There's No Off Switch for Overthinking
Every morning you open your eyes, and before you can consciously take a deep breath, you hear the whole crowd that just woke up with you. They all start talking at the same time. They say things you don’t want to hear, terrifying things about a dangerous future or vague ideas about unimportant topics. If you had a switch button for these thoughts, then you would turn it off right away.
But that button doesn’t exist, and every day becomes a battle to try to conquer at least one minute a day and finally rest your mind. I’m not talking about conscious thinking, of course. When that happens, you make decisions based on reasoning. When what I’m talking about happens, you become a slave of 1,000 witches flying around your head. No matter where you go, they are always with you. You can’t listen to anything other than their strident voices.
Besides overthinking, I also battle with anxiety. So it’s easy for me to believe what those voices say. I remember last year, I spent months visiting doctors here and there. I was sure I had cancer. I used to say to myself, “Well, it’s better to know it officially once and for all than to wait.”
I used to sit in front of the doctor, my hands shaking and my eyes almost tearing up because of the devastating news I was about to receive. Doctors looked at me with sympathy and compassion, “You are fine. It’s nothing serious. Now go home and have a rest. Don’t worry.”
My friend, one of the few I have, used to be patient, “You don’t have cancer now. Maybe in the future, but not now. Stop worrying, if you are always this worried then I’m not going to marry you,” he would joke.
He tried to lighten up my fear with a little bit of truth and a little bit of humor. My mind was not thinking about the situation. It was only feeding the fear with whatever source it found at the moment.
And because of this fear, because of this unstoppable thinking, I can’t focus on anything. I’ve tried relaxation methods. Something inside me warns me about being so quiet, “You are vulnerable, unarmed. Horrible things will happen if your guard is not up!” So I start worrying about whatever my mind catches.
I used to think I must have a big problem because when I would try to think, my mind was blank. I don’t think, I concluded. I know now it’s just all those voices making a lot of noise. I have wondered many times what would it be to walk in life without this monumental fear all the time.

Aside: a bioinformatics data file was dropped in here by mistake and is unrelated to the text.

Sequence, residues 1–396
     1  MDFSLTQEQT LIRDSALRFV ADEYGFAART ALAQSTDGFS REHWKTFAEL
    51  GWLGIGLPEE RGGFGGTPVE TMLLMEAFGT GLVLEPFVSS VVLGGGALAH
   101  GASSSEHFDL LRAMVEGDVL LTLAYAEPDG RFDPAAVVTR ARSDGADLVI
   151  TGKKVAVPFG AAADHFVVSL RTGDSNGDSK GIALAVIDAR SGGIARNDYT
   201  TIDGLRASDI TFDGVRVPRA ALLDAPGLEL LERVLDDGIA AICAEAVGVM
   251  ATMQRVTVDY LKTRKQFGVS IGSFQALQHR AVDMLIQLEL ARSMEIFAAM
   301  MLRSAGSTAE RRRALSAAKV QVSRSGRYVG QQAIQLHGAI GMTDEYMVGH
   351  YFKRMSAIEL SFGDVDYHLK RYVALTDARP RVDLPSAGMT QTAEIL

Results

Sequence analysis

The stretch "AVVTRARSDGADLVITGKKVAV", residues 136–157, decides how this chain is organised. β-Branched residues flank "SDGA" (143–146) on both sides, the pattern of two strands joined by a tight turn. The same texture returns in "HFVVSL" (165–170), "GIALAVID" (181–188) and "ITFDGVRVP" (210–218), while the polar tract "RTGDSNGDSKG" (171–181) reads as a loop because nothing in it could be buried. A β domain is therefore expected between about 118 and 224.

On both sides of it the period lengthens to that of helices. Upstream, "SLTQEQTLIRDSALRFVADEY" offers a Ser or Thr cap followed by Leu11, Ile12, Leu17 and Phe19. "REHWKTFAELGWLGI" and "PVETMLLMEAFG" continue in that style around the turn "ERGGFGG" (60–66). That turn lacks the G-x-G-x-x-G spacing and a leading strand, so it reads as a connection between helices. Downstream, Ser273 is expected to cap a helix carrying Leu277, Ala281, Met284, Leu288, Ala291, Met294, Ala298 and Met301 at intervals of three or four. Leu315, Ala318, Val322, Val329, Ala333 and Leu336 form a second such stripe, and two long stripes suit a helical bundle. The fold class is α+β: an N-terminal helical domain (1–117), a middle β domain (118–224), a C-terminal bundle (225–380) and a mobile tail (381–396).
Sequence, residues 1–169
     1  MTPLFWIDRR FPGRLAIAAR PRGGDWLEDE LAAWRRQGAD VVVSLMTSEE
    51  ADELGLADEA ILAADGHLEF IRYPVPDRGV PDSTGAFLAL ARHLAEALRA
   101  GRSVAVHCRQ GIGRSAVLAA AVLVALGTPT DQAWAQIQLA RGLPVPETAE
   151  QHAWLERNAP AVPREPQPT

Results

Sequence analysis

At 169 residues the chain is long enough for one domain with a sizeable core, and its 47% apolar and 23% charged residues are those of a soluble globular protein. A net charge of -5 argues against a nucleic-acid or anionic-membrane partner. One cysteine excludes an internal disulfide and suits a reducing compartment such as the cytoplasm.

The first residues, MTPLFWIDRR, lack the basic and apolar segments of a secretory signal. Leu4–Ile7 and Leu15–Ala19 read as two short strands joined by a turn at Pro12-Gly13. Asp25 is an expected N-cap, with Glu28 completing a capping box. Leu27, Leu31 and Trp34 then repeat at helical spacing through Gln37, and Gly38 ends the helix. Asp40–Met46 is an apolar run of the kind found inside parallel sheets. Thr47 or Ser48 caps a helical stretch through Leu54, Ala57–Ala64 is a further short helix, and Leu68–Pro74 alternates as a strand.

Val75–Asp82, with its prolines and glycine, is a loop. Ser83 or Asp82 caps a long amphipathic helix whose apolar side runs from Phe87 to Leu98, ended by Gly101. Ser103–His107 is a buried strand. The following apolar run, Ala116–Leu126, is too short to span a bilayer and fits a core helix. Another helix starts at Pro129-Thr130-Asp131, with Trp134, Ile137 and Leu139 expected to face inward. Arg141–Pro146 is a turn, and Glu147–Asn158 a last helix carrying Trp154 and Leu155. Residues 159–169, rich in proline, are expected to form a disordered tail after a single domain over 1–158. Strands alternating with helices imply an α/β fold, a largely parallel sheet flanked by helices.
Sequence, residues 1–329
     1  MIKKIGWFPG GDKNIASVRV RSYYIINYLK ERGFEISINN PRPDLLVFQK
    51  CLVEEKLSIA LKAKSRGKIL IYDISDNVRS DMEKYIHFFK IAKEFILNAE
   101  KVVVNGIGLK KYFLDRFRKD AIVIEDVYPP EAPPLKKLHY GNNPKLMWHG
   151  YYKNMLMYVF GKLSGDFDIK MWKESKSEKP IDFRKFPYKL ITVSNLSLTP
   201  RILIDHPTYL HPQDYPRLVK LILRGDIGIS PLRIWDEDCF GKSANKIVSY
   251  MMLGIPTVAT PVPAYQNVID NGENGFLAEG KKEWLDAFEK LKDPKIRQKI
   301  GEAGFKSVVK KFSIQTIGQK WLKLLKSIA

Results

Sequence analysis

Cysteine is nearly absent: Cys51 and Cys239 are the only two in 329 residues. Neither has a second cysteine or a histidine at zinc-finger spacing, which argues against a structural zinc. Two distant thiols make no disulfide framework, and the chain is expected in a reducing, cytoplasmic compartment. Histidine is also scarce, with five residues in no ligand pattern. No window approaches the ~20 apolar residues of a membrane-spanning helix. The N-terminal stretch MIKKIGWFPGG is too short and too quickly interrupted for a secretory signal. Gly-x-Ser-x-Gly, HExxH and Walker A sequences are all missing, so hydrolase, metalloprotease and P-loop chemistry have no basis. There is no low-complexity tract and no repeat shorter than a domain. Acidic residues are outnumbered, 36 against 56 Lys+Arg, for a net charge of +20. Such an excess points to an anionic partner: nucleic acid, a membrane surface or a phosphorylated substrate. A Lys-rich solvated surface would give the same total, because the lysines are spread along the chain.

As I said, those of us who overthink don’t have an off button, but here are some suggestions that might help send those voices to sleep once in awhile:
1. Take a moment to be grateful.
What on earth does anxiety have to do with gratitude? Well, when you start noticing all the things you have, something inside of you can find some relief — if only for a moment. I’m not talking about being wealthy or having a nice car. I’m talking about being able to smile even though you’re facing a problem. I’m talking taking the time to enjoy the wind or a sunset. I’m talking about the times you realize no matter how awful a situation in your life or your mind might be, there is always someone who loves you and cares for you.
2. Remember bad things are not a punishment.
I know it’s a strong statement, but when you realize life is not against you, it’s easier to relax and open your arms to it. You start living in love. You don’t have to fight with life anymore. You don’t have to ask why because you know there is nothing wrong with you. It’s just life and it’s never against you.
3. Remember you are not alone.
Anxiety makes you think you have to solve all of your problems, and quickly, or it will be too late. The pressure on you is huge. You find yourself locked in a small room running and trying to find the exit. Your head is about to explode and you need a break, a hug and someone to tell you it’s going to be OK. Well, you will.
4. Be patient.
Overthinking just doesn’t stop being. It’s a process, a slow process, and maybe these friends will be with you your whole life. You need to be patient with yourself. Remember every rough time you’re facing is a new opportunity to hug yourself a bit tighter.
Image via Thinkstock.
If you or someone you know needs help, visit our suicide prevention resources page.